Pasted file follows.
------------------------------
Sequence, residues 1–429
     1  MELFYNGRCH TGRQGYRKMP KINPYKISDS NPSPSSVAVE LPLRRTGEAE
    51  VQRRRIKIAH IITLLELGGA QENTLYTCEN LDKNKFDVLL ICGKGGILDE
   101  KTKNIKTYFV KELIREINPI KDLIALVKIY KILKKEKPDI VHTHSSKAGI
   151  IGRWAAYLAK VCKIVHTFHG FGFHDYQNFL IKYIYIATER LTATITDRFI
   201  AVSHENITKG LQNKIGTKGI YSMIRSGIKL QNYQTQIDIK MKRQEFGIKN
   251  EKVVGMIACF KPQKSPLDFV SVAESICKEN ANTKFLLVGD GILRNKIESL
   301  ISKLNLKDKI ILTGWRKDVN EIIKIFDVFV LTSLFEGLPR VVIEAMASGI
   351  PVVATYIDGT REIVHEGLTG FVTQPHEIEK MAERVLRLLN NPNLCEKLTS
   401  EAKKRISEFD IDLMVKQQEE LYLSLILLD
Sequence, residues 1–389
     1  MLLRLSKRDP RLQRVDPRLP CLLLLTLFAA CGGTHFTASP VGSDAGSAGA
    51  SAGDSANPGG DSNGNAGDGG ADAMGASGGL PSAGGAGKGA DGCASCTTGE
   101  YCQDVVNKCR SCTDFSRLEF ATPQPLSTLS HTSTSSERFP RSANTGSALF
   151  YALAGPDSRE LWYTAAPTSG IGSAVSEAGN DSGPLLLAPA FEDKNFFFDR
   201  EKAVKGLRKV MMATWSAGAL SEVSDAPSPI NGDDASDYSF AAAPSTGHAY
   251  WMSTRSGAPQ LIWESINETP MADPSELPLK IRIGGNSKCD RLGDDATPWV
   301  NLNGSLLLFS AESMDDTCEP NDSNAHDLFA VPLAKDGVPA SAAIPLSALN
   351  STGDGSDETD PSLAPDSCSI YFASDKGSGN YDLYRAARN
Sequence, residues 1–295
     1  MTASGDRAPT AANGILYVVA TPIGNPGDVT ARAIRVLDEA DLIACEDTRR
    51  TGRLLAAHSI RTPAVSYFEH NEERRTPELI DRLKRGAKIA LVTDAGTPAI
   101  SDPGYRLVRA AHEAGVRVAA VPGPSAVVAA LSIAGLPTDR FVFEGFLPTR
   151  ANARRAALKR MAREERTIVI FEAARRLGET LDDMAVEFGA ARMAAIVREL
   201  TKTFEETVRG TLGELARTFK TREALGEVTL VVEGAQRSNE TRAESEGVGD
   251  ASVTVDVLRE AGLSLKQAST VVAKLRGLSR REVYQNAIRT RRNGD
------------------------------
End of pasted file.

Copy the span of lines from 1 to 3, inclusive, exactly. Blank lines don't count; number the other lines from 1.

Sequence, residues 1–429
     1  MELFYNGRCH TGRQGYRKMP KINPYKISDS NPSPSSVAVE LPLRRTGEAE
    51  VQRRRIKIAH IITLLELGGA QENTLYTCEN LDKNKFDVLL ICGKGGILDE